Name: Ted Vernon
Alias: Wolf Man
Hometown: Miami Beach, Florida, USA
Height: 5′ 8″ / 173cm
Boxing Record: click
Ted "Wolfman" Vernon was one of the most colorful and controversial fighters in South Florida during the late 1970s and early 1980s. Vernon was a millionaire auto dealer, whose "hobbies" included: movie acting, singing, movie producing, and prize-fighting.
When the self-styled "Wolfman" went into amateur boxing at the Elizabeth Virrick Gym in Coconut Grove, Florida in 1978, he did not only make the local newspapers, but highlights of his amateur fights made the local television news broadcasts as well. Members of the local South Florida community scratched their heads in wonderment, as to why a millionaire would decide to seek a fistic career at the age of 28.
However, Vernon was determined to have a fistic career. Vernon won his first amateur fight by first round knockout. However, in his 2nd match on August 9, 1978, Vernon suffered a nose injury in losing a 3 round decision to Bobby Major in Coconut Grove, Florida.
Next, the "Wolfman" decided to go pro, and this is where more controversy arose. Some claimed Vernon was fighting exhibitions, but he himself declared, "These are professional matches."
Vernon made his professional boxing debut on July 20, 1979 in West Palm Beach, Florida, knocking out Oscar Dix in three rounds.
Fighting in Fort Lauderdale, Vernon scored back-to-back first-round knockouts in matches that had the fans cheering. At about 5-feet, 8-inches, and a burly 190 pounds, the balding Vernon presented a less than imposing physical figure. However, his critics had to admit that he not only had guts, but punching power as well.
When Vernon fought veteran Costello King who fought under the name "Kent Baker" at the Miami Beach Convention Center on September 25, 1979, a somewhat larger-than-normal crowd appeared for the fight. The cream of Miami's social scene had come to see their "hero" continue his undefeated streak. However, after taking one of King's (Baker's) left hooks, Vernon saw his undefeated streak ended, as he was knocked cold in under a minute.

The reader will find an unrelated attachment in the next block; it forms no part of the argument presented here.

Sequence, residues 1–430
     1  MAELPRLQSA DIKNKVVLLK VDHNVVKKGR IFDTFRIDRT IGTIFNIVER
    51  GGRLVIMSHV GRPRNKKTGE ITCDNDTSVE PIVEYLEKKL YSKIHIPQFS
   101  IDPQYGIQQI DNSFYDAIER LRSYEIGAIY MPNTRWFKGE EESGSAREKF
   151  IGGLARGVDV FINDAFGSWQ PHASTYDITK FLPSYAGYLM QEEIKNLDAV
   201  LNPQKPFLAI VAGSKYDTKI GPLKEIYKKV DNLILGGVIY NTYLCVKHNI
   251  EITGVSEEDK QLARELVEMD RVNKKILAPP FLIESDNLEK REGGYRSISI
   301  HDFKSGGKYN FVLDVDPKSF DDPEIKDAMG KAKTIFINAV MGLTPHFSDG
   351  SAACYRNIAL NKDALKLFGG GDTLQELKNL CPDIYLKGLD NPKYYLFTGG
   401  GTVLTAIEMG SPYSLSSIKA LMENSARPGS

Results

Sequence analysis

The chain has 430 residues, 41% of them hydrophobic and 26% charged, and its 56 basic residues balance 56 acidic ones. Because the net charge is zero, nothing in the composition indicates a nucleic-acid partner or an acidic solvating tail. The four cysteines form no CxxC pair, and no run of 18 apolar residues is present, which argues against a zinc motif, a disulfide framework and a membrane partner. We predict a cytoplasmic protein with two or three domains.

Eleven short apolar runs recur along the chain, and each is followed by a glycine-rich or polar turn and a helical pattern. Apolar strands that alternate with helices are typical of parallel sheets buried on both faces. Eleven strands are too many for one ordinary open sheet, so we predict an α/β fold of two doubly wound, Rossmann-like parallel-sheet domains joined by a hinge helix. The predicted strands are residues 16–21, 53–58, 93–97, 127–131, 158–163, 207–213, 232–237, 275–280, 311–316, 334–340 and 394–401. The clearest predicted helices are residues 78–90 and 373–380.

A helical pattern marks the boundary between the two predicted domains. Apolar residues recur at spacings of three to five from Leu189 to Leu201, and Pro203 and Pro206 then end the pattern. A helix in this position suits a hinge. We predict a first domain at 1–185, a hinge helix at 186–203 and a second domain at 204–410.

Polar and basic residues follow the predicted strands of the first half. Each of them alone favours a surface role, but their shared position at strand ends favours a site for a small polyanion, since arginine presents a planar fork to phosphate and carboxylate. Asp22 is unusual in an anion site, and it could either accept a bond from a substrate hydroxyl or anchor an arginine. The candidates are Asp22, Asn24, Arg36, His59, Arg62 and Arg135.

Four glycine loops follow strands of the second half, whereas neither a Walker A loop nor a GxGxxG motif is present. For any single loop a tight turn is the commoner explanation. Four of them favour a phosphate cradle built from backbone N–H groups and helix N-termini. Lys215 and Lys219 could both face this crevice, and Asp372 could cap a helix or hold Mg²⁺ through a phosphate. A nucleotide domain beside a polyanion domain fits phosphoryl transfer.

On May 2, 1980 in Miami Beach, Florida, Vernon was back. He was again featured as a "Special Attraction" at the Convention Center, and yet again, the head-turners and beautiful people came out en mass. This time it was Vernon who scored the knockout: 225-pound Armando Reyes, who was fighting as Armando Royo, went down and out in a mere seventeen seconds. A screaming match followed the victory, as some of the ringside judges claimed this was only an exhibition. However, after some debate, the victory was made official. Vernon supposedly scored another quick knockout over Royo a few weeks later, but by then, the South Beach crowd had enough of the "Wolfman" and his boxing career. However, Vernon's ring record is a subject of debate; BoxRec lists him as 2-1, while other sources list him as 3-1. However, on Vernon's own webpage, he lists his boxing record as 21-1.
Ted Vernon went on to produce such cult films as the Scarecrows and Village of the Damned. He even managed an acting career from 1988-1999, appearing in South Beach and Miami 7. In the 1990s, Vernon was the lead singer in the Miami rock band, Ted Vernon and the Bulldogs.
However, the one thing Ted "Wolfman" Vernon is still remembered for in sunny South Florida is that from 1977-1980 he was the "Toast" of the boxing scene in South Beach.
- Miami Herald, June 16, 1985, page 3: SCARECROWS: A FILM FANTASY COME TRUE.
- Miami Herald, June 12, 1985, 2a front page: CELEBRITY NEWS.
- Miami Herald, August 18, 1991, Neighbors, page 16: CRICKETS, TED VERNON TO PERFORM AT FRIDAY NIGHT LIVE.
- Miami Herald, July 15, 1990, Neighbors, page 28: GAMES CHARACTER PLAYS FOR COMPETITION FUN.
- Internet Movie Database.com